Statistic Profs. Allen And Recck Share Baseball Stats
Besides statistics, Babson colleagues Elaine Allen and George Recck are also intensely serious about baseball. It was a natural for them to blend the two to look and speculate at the “what ifs” of managing baseball teams.
They spoke at the Babson College/Wellesley Bank Business Series at the Wellesley Chamber’s Networking Before 9 breakfast at Babson this morning.
Recck maintains that the success rate of a baseball team is directly related to their management by numbers know-how. If Grady Little had studied the stats on Pedro back in ’03, he would have listened to the data instead of Pedro, and changed the course of baseball history. Statistics also help managers figure out which pitcher has the greatest chance against specific batters.
Allen said it was the Celtics who first started managing by numbers and right now Boston Sports Nation—in Belichick, Francona and Doc Rivers—have three great examples of managers who do so by the numbers. Technically, Francona is not a numbers guy, but he understands the importance and is a good listener, says Allen.
Other observations when “Managing by the Numbers”:
· As a player’s salary increases, so does his performance, especially in a contract year. Recck likes to draft players during contract year in Fantasy Baseball.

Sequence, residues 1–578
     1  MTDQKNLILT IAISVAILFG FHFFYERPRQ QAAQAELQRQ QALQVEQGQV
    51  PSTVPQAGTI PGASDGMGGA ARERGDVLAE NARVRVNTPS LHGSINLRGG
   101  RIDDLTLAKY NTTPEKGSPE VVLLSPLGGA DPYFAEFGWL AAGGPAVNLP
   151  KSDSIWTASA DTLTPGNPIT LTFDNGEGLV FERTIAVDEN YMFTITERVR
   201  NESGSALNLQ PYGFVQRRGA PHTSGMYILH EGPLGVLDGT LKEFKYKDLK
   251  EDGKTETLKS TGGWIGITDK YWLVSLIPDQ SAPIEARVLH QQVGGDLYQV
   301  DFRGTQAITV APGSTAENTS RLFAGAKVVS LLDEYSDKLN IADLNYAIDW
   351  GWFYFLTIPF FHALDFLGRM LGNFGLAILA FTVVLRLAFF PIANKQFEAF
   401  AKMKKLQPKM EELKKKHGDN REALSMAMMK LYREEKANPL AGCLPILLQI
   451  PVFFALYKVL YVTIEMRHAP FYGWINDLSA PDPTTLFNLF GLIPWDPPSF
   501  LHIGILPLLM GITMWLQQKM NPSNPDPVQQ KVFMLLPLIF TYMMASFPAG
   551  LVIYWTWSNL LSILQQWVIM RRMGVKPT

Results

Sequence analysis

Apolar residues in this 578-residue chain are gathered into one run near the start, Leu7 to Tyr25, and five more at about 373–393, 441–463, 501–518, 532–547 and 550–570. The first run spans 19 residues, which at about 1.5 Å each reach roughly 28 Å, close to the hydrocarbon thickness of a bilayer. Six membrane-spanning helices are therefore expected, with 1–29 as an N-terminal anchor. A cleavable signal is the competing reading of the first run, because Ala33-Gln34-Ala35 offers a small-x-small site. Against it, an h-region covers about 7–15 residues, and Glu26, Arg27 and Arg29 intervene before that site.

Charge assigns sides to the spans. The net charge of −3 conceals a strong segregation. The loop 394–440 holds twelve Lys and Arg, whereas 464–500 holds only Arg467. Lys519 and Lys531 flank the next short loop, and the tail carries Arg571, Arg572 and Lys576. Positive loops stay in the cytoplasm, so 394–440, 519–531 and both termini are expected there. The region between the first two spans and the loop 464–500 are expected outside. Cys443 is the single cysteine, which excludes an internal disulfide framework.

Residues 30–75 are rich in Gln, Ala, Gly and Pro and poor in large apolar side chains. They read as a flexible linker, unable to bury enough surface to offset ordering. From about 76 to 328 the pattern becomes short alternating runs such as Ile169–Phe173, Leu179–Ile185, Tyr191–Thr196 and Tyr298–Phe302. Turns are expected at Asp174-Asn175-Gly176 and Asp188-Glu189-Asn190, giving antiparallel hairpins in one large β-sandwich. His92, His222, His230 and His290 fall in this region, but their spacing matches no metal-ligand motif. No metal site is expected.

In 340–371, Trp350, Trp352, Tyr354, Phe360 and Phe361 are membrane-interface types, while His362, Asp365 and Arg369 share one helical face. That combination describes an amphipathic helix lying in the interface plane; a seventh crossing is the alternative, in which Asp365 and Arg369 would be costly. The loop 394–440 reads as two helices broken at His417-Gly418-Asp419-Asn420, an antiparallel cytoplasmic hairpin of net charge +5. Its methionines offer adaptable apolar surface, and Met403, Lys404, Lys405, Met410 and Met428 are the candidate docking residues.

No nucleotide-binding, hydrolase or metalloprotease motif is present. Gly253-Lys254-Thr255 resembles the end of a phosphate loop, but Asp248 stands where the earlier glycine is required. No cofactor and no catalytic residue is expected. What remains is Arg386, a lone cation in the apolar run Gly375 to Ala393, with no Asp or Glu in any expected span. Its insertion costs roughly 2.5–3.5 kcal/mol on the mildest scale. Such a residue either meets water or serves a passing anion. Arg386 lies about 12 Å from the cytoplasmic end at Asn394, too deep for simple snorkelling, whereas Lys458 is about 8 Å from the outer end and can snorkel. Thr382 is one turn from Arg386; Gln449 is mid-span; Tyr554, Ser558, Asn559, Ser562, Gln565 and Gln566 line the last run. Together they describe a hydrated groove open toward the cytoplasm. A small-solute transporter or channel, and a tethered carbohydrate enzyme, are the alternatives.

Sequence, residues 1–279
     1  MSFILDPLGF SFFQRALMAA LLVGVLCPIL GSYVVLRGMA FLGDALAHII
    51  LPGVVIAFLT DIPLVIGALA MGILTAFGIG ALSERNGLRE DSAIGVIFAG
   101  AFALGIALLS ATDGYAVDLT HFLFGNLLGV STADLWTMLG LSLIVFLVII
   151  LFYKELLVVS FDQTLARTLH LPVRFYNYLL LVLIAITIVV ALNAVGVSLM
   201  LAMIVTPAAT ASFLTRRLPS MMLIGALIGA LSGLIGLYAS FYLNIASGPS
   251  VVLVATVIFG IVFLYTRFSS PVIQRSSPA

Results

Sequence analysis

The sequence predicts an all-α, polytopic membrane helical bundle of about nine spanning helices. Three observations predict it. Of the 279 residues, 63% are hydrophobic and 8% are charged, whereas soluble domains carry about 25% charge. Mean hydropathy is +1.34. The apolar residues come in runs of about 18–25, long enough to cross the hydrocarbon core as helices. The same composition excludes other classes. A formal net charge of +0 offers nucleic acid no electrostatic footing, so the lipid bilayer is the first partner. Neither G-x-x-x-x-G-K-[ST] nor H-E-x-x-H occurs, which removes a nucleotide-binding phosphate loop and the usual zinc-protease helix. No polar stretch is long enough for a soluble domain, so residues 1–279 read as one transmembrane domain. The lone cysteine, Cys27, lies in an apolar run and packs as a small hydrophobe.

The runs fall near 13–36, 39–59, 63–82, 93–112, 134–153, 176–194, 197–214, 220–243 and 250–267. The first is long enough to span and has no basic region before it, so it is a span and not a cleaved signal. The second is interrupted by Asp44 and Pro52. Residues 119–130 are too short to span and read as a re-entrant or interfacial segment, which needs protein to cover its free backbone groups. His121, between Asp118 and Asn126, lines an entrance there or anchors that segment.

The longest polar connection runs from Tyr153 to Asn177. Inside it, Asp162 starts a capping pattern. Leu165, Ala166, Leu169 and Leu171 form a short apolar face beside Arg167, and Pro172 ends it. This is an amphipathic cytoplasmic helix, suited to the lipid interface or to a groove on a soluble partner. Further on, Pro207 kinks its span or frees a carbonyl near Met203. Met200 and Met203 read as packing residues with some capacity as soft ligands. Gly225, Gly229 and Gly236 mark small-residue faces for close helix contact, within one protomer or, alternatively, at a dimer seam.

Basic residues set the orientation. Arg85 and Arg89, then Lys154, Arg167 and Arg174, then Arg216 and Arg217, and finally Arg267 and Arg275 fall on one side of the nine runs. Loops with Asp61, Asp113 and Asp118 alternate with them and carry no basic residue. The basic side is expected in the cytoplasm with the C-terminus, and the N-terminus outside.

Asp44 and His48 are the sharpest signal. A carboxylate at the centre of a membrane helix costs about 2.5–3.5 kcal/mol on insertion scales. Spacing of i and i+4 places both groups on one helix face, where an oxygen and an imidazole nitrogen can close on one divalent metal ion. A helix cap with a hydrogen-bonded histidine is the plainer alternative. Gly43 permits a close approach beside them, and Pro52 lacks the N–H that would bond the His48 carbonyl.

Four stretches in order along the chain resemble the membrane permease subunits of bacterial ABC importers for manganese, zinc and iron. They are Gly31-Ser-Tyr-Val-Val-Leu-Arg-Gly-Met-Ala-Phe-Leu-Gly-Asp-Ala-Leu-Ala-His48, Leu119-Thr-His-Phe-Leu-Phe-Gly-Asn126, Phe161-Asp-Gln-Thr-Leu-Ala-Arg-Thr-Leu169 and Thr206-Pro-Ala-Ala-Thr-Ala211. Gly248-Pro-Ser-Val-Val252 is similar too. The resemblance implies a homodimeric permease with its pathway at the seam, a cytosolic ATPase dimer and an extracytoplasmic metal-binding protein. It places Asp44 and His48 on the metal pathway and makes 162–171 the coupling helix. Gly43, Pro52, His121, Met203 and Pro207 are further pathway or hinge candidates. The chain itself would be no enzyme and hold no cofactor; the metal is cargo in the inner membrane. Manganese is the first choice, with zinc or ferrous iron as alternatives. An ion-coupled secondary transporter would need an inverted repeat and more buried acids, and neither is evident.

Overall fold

· Salaries are on the rise again and it is salaries that fuel rising ticket prices. Prestige positions on the team? First and third bases and designated hitter. Not so valued? Surprisingly, second base.
· Analytics on grand slams and home runs….we will see fewer grand slams because sports fans want home runs, and new parks (like the new Yankee Stadium for example) are built to deliver more home runs. Fewer men on base mean fewer grand slam opportunities. Lou Gehrig, by the way, holds the record for most grand slams.
· A team’s defensive players are undervalued, because many managers do not look at the number of runs they save.
· To determine if teams are getting the best performance for their dollar, Allen and Recck use the On-Base Percentage (OBP) vs. salary (POS) analytic, and found…not really. The highest OPS is not the highest paid.
·One final fun fact…which is the most hitter-friendly ballpark? US Cellular, Chicago White Sox.